Do you or someone you know have an unusual or interesting name? Email me or leave a reply. It may turn up in a future post.
One of our quirky family pastimes is called the “IN Game.” It originated from watching ¡Three Amigos! (This movie is one of my favorites, but parents of young children should be forewarned that it does contain inappropriate language.)
After seeing the heroics of the Three Amigos in a movie, residents of Santa Poco, a small town in Mexico, want to hire the Three Amigos to scare off a gang of ne’er-do-wells that is terrorizing their village. Two of the city’s residents go to the telegram office to send a message to the Three Amigos, but the telegram officer has to edit it down to fit their budget. Of course the meaning is changed a bit, too.
The Three Amigos have just been fired by their movie company following a salary dispute when they receive the telegram:
Lucky Day (reading telegram): “Three Amigos, Hollywood, California. You are very great. 100,000 pesos. Come to Santa Poco put on show, stop. The in-famous El Guapo.”
Dusty Bottoms: What does that mean, in-famous?
Ned Nederlander: Oh, Dusty. In-famous is when you’re MORE than famous. This man El Guapo, he’s not just famous, he’s IN-famous.
Lucky Day: 100,000 pesos to perform with this El Guapo, who’s probably the biggest actor to come out of Mexico!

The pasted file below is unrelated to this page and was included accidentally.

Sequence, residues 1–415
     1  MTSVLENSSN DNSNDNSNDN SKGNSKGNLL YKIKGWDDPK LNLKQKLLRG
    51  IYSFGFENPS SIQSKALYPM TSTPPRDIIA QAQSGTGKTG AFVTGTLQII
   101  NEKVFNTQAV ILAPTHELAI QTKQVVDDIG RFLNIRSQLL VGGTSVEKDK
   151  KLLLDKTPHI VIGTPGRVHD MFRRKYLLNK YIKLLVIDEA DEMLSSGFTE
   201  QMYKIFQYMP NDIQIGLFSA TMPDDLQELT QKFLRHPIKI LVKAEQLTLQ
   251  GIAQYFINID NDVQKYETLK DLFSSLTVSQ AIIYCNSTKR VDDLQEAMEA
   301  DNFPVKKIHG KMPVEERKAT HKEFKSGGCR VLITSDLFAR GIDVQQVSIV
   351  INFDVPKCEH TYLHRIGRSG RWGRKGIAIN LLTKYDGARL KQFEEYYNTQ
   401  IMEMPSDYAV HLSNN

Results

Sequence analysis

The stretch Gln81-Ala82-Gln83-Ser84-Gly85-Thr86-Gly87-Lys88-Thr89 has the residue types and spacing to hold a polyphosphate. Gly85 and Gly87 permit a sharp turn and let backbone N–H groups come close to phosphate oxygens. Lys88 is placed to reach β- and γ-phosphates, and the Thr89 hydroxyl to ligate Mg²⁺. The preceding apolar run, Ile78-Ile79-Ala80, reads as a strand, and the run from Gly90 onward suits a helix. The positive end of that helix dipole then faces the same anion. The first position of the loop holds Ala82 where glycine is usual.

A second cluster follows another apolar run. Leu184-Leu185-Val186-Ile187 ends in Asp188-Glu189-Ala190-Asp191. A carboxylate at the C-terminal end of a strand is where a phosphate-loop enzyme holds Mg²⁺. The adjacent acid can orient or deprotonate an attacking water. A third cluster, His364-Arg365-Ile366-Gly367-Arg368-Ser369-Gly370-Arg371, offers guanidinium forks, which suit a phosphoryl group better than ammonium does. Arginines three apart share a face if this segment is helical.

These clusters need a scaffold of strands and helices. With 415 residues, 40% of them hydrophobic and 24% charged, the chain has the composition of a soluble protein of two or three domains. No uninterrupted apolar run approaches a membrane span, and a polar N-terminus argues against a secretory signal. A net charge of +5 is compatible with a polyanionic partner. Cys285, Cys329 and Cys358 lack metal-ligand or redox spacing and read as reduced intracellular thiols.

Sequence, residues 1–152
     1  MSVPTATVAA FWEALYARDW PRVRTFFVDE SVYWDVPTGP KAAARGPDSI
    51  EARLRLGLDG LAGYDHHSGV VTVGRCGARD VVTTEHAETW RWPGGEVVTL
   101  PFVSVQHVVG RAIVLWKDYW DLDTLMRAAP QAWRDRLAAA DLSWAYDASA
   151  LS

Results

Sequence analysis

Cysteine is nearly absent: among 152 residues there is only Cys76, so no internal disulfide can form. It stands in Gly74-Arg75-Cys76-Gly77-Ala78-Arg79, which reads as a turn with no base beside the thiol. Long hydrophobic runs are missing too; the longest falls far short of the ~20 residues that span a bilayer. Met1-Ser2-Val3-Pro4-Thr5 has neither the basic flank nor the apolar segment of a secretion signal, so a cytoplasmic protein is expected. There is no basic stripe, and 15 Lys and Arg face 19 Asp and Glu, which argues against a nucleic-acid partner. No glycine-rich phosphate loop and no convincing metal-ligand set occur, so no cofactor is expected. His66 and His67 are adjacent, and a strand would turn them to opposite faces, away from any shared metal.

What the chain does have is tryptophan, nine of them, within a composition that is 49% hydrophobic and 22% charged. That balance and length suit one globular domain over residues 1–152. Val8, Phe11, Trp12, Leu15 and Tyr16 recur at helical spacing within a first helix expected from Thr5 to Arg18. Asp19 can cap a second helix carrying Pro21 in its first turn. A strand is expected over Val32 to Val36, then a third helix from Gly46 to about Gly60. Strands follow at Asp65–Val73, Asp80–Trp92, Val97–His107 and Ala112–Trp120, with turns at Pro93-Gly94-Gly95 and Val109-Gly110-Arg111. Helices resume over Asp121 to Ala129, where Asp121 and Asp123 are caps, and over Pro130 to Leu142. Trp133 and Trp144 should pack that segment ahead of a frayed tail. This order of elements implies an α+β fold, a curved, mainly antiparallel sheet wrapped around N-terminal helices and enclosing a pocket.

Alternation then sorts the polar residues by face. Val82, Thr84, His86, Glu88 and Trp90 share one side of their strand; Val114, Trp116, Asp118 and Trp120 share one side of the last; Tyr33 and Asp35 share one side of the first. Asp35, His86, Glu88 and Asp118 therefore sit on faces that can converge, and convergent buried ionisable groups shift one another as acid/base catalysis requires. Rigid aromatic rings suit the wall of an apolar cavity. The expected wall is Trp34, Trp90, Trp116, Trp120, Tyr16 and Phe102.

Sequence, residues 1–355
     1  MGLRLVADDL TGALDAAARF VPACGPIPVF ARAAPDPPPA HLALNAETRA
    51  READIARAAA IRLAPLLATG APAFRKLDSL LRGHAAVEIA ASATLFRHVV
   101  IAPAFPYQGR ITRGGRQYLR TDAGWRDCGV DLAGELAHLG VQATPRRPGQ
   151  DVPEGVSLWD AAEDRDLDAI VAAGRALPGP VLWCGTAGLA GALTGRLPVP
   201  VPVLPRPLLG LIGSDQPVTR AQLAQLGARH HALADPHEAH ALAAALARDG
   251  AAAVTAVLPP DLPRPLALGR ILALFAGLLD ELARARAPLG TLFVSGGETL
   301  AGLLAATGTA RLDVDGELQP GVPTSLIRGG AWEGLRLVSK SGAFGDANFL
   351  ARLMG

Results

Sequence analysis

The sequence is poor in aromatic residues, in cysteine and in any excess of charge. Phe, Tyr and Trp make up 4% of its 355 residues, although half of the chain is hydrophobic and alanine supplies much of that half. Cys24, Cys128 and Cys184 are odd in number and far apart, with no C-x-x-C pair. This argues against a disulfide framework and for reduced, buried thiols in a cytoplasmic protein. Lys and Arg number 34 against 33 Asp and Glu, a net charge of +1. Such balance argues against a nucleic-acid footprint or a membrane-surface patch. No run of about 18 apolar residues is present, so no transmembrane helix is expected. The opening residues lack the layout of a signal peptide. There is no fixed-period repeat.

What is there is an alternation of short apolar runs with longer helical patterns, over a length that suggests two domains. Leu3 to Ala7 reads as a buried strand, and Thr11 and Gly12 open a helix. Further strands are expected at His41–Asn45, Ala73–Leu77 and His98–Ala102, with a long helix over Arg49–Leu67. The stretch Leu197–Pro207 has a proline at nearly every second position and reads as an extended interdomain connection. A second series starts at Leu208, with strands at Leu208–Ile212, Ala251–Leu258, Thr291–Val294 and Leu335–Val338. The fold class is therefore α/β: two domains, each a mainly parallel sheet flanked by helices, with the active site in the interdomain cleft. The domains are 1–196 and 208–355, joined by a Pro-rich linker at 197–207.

Dusty Bottoms: Wow, in-famous? IN-famous?
Hence, the genesis of the “IN Game”. We use the prefix in- to mean more than, instead of opposite. There are only a few simple rules.
First, you can’t use a word stem that doesn’t exist. For instance, you can’t try to put down a younger sibling by saying “You’re such a fant; you’re an IN-fant.” For that matter you can’t turn around and say “That’s such a sult; it’s an IN-sult,” either. There are more of these words than you would think.
Second, you can’t use words that actually need im- or un- to make them opposites. For example, “That’s so possible; it’s IN-possible,” or “That’s so fair; it’s IN-fair.’ Close, but no cigar. You must use the in- prefix properly.
Third, be sure to over-enunciate the in- prefix. It should sound like it is capitalized, italicized, written in bright red ink and several syllables in duration. This is probably the most important rule of the game.
Words fall into a few basic categories. There are run-of-the-mill in- words, like
It’s so destructible; it’s IN-destructible!
That’s so voluntary; it’s IN-voluntary!
You’re so considerate; you’re IN-considerate!
That’s so adequate; it’s IN-adequate!
There are words that actually mean the same thing, such as
It’s so flammable; it’s IN-flammable!
(There aren’t a lot of these. I know we have come up with one other, but I can’t remember it right now.)
And there are vocabulary-building words, for example
I’m so defatigable; I’m IN-defatigable!
There is even a Princess Bride category. Instead of telling Fezzini that he doesn’t think that word means what he thinks it does, Inigo could have played “It’s so conceivable; it’s IN-conceivable!”
The “IN Game” is great to play on long car trips when everyone is bored. It’s usually sparked by an innocent comment, such as “This trip is interminable!” whereupon everyone else in the car chimes in “It’s so terminable; it’s IN-terminable!” Then you’re off and running, and the trip doesn’t seem so long after all. It’s also great at defusing arguments. How can someone stay mad at you when you throw them a “You’re so sane; you’re IN-sane?”